lower portion of the roll 29 is immersed in a pan 30 con—
taining thermosetting resin so as to pick up the thermo
setting resin and deliver it to the strip of glass ?bers.
?ll the chamber and thoroughly impregnate said ‘core
and completely ?ll said voids and interstices with said
bitumen, (7‘) drawing excess bitumen from said chamber,‘
and (g) removing said impregnated core from said sec~ . 5
Thus, as this strip is Wound about the mandrel 10 the 25 0nd mandrel.
core is built up and held in the form-sustaining shape by
the thermosetting resin.
This method results in the
formation of a core that is in every sense comparable to
the core 16 which is impregnated with the bitumen as de
scribed above in connection with the completion of the 30
method.
The asphalt employed in the method is preferably one
,having -a high softening point to assure'of complete pence
tration. It is notable that this method is capable of pro
ducing pipes having a wall thickness within a wide range,
as well as pipe of diameters within a wide range. The
particular diameter and wall thickness will depend upon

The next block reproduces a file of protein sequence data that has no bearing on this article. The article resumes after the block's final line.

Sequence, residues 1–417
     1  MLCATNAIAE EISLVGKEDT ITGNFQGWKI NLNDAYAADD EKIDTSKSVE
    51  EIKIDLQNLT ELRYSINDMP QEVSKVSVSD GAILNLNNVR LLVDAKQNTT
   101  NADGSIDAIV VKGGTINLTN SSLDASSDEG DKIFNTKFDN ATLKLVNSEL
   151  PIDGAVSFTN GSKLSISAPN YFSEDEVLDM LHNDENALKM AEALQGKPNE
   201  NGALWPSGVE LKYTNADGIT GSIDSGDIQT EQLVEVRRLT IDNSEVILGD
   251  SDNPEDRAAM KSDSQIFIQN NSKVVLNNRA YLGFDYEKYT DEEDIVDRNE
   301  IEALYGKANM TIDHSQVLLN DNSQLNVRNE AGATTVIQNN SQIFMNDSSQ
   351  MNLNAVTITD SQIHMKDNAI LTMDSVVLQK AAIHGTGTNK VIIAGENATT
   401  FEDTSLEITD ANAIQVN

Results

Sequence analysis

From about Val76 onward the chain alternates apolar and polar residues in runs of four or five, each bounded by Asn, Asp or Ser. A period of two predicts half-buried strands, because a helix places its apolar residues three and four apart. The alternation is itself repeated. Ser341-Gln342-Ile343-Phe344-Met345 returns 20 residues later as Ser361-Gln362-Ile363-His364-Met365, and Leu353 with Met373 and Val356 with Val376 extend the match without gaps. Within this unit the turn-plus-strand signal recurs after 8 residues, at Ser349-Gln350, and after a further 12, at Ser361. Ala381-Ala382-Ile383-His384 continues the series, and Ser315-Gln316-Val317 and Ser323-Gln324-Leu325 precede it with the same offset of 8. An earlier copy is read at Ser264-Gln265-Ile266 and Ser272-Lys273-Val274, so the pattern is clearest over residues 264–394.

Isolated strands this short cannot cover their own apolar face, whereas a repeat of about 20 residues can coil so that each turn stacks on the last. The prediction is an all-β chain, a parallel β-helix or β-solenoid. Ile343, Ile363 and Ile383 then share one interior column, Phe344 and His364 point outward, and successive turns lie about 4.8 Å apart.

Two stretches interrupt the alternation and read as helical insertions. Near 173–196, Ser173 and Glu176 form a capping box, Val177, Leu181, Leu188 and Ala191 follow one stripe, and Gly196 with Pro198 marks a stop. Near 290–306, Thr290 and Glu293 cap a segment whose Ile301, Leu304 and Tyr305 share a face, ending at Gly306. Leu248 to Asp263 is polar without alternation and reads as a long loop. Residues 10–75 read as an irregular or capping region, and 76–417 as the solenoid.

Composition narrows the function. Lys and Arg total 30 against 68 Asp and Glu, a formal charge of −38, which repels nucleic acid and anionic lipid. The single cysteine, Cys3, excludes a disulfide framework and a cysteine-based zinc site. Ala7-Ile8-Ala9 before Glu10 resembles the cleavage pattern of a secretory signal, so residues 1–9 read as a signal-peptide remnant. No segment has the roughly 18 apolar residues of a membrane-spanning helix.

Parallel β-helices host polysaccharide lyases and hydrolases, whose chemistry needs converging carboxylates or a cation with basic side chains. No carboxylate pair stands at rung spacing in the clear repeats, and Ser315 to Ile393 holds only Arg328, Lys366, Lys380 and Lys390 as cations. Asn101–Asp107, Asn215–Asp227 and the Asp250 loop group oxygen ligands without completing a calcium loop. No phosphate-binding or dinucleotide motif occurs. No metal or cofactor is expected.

the particular conditions of usage which the pipe is in
tended to accommodate. As one example, it may be
noted a pipe having an outside diameter of about 41/2" 40
and a Wall thickness of 5/16” may be made by this method
and will have all the properties, qualities, and attributes
required of soil pipe.
References Cited in the ?le of this patent
UNITED STATES PATENTS
1,582,084
Richter et a1. _________ __ Apr. 27, 1926
1,937,417
Wallace ______________ _.Nov. 28, 1933
1,956,866
2,012,970
2,331,146
2,370,193
2,413,551
Keller ________________ __ May 1,
Miller _______________ __ Sept. 3,
Slay-tor ________________ __ Oct. 5,
Reid ________________ __ Feb. 27,
Englund _____________ __ Dec. 31,
1934
1935
1943
1945
1946
2,471,330
Knight et a1. _________ .._ May 24, 1949
2,552,599
2,614,058
Stout _______________ __ May 15, 1951
tFrancis ______________ .. Oct. 14, 1952
2,773,287
Stout ____ _;. __________ _.. Dec. 11, 1956
2,870,793
Bailey ______ __'____‘__.___ Jan. 27, 1959